Is there anything better than a delicious pizza? What about a delicious pizza with the perfect cheesy topping!
But when it comes to the cheese on our favorite pie, there’s a lot of debate. So what is the best cheese for pizza? Never fear – we’re here to help guide you through the options!
So if you’re ready, sit back and prepare to learn more …
What makes a good cheese for pizza?
To start with, let’s think about what makes a cheese work well as a pizza topping.
First and foremost, of course, this is all about the flavor. You’re going to want something with enough presence not to be overpowered by the tangy tomato sauce. And you’ll also want a taste that will work well with any other toppings on your pie.
Another important factor to bear in mind is how well the cheese melts. When your pizza comes out of the oven, you want your cheese nice and soft, contrasting with the crispy base. And that will also allow the flavor to melt into your other toppings for a delicious combination.
Depending on how you’re using your cheese, you may also want it to go brown. That can give your pizza an attractive golden glow.
So with that in mind, what cheeses make the pizza grade?
The best cheese for pizza
The most traditional of pizza cheeses, mozzarella can be used as a topping in different forms. Thick discs of fresh mozzarella will impart a delicious creaminess to your pizza. It works well with the tomato because it’s so different, complementing the tart sweetness of the sauce.
Mozzarella and tomato are so well loved as a combination that they’re eaten in many non-pizza forms. Italians will often snack on a tomato and mozzarella salad. Add in some basil and olive oil, and you have the caprese salad, another famous export from Italian cuisine.
Fresh mozzarella works beautifully as a main topping to your pizza. We’ve heard some online reviewers, though, complain about the moisture leaving the crust soggy. Personally, we’ve never experienced that problem.
But if you’re concerned, just dab your mozzarella slices with kitchen paper before placing them on your pizza. Space them out across the top, and you won’t have to worry about excess moisture causing problems.
If, however, you want your cheese to provide a background to other flavors, grated mozzarella is a good alternative. For this, you’ll want a low moisture form of the cheese. And if it’s still not firm enough to grate easily, you can pop it into the freezer for a few minutes first.
Whether grated or freshly sliced, mozzarella will melt beautifully on your pizza. And it will give your topping a chewy elasticity, which works brilliantly against a crispy crust.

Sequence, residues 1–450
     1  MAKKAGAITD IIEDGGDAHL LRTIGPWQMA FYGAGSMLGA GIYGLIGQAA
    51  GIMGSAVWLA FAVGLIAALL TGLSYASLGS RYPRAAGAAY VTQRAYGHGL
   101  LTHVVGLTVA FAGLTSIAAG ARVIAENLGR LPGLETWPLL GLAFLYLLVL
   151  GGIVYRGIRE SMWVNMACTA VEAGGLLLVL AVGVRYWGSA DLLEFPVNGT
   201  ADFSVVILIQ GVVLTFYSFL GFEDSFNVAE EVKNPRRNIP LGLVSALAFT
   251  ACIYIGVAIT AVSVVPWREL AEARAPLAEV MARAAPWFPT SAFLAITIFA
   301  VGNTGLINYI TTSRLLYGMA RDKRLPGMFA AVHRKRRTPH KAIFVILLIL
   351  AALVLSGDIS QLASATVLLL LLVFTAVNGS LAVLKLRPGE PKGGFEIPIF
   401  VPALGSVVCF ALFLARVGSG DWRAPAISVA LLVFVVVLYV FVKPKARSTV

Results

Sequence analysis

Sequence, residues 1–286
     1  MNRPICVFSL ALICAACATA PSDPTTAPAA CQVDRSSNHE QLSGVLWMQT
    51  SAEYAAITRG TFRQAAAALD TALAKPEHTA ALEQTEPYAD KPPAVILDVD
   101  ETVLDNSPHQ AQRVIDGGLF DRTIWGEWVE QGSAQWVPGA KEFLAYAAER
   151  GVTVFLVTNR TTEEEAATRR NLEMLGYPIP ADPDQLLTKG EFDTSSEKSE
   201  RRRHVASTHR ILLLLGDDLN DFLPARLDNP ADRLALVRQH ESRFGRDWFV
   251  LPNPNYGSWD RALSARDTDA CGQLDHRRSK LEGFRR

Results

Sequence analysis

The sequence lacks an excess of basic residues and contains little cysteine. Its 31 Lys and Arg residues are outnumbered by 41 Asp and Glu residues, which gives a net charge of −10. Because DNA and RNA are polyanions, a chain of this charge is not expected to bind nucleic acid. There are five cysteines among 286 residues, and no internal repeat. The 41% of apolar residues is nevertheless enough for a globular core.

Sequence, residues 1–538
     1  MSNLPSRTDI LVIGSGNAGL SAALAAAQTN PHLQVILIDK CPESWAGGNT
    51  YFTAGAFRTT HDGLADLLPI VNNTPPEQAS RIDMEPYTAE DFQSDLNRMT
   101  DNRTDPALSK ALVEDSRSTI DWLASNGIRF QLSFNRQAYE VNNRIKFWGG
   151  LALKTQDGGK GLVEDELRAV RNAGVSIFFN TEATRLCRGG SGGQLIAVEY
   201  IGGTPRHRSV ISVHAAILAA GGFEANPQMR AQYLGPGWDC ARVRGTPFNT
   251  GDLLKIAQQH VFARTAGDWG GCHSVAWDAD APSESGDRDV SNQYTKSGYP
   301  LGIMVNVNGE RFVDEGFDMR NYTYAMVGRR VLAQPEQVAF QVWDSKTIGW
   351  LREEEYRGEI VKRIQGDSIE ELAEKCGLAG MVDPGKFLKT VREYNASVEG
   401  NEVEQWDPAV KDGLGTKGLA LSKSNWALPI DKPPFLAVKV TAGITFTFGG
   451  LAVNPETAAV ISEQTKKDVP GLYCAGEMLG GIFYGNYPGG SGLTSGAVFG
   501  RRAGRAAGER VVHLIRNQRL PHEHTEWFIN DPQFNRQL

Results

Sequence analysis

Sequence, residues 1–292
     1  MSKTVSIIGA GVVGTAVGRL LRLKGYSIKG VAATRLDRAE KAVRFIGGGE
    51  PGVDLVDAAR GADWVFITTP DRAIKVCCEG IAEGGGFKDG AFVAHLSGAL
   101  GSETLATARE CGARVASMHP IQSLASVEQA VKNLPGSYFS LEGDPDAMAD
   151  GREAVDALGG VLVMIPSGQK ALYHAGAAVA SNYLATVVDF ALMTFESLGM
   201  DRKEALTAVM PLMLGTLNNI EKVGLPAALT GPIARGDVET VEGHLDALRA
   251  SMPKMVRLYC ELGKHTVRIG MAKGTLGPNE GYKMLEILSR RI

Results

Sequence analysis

For many people, the search for the perfect pizza cheese will stop at mozzarella. But if you prefer something with a stronger flavor, there are plenty of other options out there.
Cheddar is America’s favorite snacking cheese, so it makes sense that it will also go down well on pizza. And if you choose a mature, extra mature or vintage option, it will add plenty of punchy flavor.
If you’re using cheddar cheese, grate it, don’t slice it. You can be as generous with your topping as you like. But remember: if you use loads of cheese, you will get puddles of oil when you bake your pizza. They’ll evaporate if you cook your pizza for longer – but watch out that the edges don’t burn.
A strong cheddar is a great option for pizzas where you want the cheese flavor to take center stage. It also works well with other cheeses. And despite being strong, it will complement pretty much any meat, fish or vegetable too.
3. Goat’s cheese
Goat’s cheese is another excellent choice for those looking for a stronger flavor. It’s salty, tangy and delicious. And it works brilliantly alongside the sweetness of roast peppers and onions on a vegetarian pizza.
Goat’s cheese should be placed on your pizza in discs, sliced just at the point it’s ready to go into the oven. It melts beautifully, and it will also brown in the heat. It will make your pizza look so good, you’ll have trouble keeping your hands off it until it cools down!
Be warned – we have seen some places recommend treating goat’s cheese in a similar way to cream cheeses like mascarpone. This is madness! Goat’s cheese may have a softer texture than cheddar, but that’s where the similarity to cream cheeses begins and ends.
Goat’s cheese has a strong flavor, which needs to be treated with respect. Don’t overdo it – a few slices will be enough to add piquancy to your pizza. And take care when choosing what other toppings you pair it with too. It’s best to use it in place of meat or seafood, rather than alongside them.